Join the Delaware Dunlins on Sunday, November 27, from Noon until 3:00pm for a Bald Eagle watching event at Conowingo Dam in Maryland. Watch dozens of eagles as they gather to feed on fish in the Susquehanna River, and see lots of waterbirds like ducks, geese, and herons.
View the Bald Eagle Trip Flyer full details. Come see America’s national symbol!
In the wee hours of Sunday, October 9, 2011, youth birder Mike Hudson and I trekked to the top of Hawk Watch Hill at Ashland Nature Center. Our goal: to start off the Big Sit birding event with some good “night birds.” For the next 24 hours, we’d compete in a world-wide birding event, trying to count all the birds observed while standing within a 17-foot diameter circle.
Listening on a clear, brightly moonlit night, we heard up the calls of distant Great-horned Owls, a close-by Screech Owl, and the brief barks of a Barred Owl. Overhead, the steady flight calls of Swainson’s Thrushes and Veeries told us that a strong nocturnal migrations of songbirds was taking place.
When dawn arrived, our crowd of birders atop the hill had grown, as had our bird list. We had 34 species by 7:00am, and the great sightings began. A Sharp-shinned Hawk flew over at 7:07, and became the first raptor migrant of the day. Soon hot breakfast sandwiches prepared by Chef Judy distracted us enough to make sure our bodies were prepared for the intense sitting and scanning that would take place for the rest of the daylight hours. A persistent Northern Mockingbird amused us by pecking on the owl decoy in front of the hill.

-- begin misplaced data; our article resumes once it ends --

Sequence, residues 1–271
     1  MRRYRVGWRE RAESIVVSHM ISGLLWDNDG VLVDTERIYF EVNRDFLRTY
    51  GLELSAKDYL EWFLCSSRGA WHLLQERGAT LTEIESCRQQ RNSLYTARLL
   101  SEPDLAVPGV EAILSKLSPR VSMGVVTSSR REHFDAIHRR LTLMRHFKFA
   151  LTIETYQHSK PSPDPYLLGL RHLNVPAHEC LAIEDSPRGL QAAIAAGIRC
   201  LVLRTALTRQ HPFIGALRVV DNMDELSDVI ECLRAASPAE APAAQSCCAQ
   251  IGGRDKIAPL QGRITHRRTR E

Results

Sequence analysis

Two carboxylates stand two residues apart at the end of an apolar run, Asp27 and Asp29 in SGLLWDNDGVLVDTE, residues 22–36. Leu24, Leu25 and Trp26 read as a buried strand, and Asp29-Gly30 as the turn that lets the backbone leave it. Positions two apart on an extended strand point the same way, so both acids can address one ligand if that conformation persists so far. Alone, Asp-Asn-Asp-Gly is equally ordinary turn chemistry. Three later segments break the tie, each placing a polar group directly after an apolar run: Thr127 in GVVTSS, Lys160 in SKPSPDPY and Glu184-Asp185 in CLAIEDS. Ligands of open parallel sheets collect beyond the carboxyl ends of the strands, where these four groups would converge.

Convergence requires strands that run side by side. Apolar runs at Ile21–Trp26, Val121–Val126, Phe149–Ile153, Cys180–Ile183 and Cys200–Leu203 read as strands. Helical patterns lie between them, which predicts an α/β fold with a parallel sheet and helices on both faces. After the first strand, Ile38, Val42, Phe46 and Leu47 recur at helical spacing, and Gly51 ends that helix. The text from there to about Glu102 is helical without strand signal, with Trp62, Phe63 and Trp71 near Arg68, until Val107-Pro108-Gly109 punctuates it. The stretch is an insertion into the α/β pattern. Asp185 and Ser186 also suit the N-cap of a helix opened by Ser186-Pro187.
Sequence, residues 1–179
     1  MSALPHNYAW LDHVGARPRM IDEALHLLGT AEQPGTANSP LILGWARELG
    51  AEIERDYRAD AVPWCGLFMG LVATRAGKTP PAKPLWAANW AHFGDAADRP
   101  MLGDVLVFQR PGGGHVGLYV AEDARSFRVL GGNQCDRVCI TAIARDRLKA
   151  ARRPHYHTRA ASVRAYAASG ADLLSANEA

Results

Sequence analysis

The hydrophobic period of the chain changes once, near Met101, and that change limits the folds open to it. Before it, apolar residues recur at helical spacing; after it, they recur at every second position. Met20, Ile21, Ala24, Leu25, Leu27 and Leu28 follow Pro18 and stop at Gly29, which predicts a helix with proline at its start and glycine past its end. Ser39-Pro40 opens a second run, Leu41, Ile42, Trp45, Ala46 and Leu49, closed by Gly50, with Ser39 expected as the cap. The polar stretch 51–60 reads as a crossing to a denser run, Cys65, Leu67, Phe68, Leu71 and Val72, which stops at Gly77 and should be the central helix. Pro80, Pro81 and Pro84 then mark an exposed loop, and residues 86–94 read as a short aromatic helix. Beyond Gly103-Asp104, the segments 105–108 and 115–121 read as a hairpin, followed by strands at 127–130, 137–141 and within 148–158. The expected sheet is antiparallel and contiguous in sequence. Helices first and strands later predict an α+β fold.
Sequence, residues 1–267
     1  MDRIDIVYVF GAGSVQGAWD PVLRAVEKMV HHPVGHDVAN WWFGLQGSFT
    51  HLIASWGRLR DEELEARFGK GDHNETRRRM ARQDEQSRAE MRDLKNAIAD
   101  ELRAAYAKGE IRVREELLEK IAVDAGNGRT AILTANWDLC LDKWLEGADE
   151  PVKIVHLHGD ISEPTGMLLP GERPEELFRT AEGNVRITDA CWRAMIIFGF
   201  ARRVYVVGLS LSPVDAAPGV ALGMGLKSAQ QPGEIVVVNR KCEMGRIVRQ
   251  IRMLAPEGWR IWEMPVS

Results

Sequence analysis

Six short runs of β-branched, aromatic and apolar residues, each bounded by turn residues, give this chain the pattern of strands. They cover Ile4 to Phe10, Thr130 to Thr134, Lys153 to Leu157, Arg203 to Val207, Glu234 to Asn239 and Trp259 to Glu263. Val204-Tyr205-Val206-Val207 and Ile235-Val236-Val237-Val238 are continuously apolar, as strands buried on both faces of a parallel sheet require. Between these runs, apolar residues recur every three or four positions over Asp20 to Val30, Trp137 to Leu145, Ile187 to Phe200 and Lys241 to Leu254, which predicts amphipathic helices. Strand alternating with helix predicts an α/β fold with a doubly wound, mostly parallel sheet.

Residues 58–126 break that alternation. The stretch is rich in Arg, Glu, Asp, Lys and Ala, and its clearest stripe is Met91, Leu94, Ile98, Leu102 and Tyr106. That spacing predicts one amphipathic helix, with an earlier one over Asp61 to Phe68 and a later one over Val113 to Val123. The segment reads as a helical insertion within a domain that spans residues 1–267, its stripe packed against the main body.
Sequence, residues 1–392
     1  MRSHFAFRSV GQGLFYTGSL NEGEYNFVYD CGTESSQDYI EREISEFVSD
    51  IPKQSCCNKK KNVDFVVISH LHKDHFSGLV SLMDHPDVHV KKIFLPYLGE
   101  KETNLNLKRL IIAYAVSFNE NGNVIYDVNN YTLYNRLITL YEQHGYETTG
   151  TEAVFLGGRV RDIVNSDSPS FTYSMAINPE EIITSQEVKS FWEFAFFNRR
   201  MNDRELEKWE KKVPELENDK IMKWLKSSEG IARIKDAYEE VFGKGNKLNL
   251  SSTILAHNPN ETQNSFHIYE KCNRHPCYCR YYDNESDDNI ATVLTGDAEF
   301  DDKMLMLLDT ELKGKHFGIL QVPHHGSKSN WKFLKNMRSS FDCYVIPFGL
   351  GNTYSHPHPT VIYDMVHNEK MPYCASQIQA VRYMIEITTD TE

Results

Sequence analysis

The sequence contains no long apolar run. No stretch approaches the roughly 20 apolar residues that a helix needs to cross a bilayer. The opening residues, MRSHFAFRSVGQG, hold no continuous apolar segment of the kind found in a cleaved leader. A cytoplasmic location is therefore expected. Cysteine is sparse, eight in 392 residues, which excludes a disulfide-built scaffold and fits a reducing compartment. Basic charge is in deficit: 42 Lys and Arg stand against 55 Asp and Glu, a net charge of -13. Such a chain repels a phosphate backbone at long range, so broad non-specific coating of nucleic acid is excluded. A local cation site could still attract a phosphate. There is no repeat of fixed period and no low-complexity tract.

By 9:00am, we had tallied 60 species which is on average pace for our Big Sits at Ashland. A Yellow-billed Cuckoo showed off nicely, and sightings of a Black-and-white Warbler and Blue-headed Vireo boosted our list. Species number 60 was perhaps our “rarest” of the day: a female House Sparrow. For some reason, House Sparrows are extremely rare at Ashland! Two other special birds arrived in the 9 o’clock hour: a pair of Mallards brought up by our flock of youth birders to help as “avian assistants” by spotting high-flying birds.
Diligently scanning with binoculars and scopes, our yotuh birders kept adding birds to the list: Red-shouldered and Broad-winged Hawk, Common Nighthawks, Ring-billed Gull, and Yellow-bellied Sapsucker.
Throuhgout the afternoon, interesting birds flew by: a Great Blue Heron, Fish Crows(species number 70) , a Merlin, Belted Kingfisher, Red-eyed Vireo, and Palm Warbler. We ketp at it right until dusk, with an American Woodcock being the last bird added to the list.
Our final tally for the day? An impressive 75 species observed in 17 hours of birding effort. A great effort by a dozen youth birders, and more than 50 other birders who visited throughout the day helped us tally a great number of birds.
When all the reports were submitted from all around the world, our team placed 12th out of 206 total teams. We are very happy to finish in the top tier of a very fun “non-competitive” event!
To view the results of each site around the world, check out the 2011 Big Sit Reporting Circles.
Check out the overall standings at: 2011 Big Sit Results!
See you next year for the Big Sit!
- Derek Stoner, Big Sit Captain at Ashland Hawk Watch.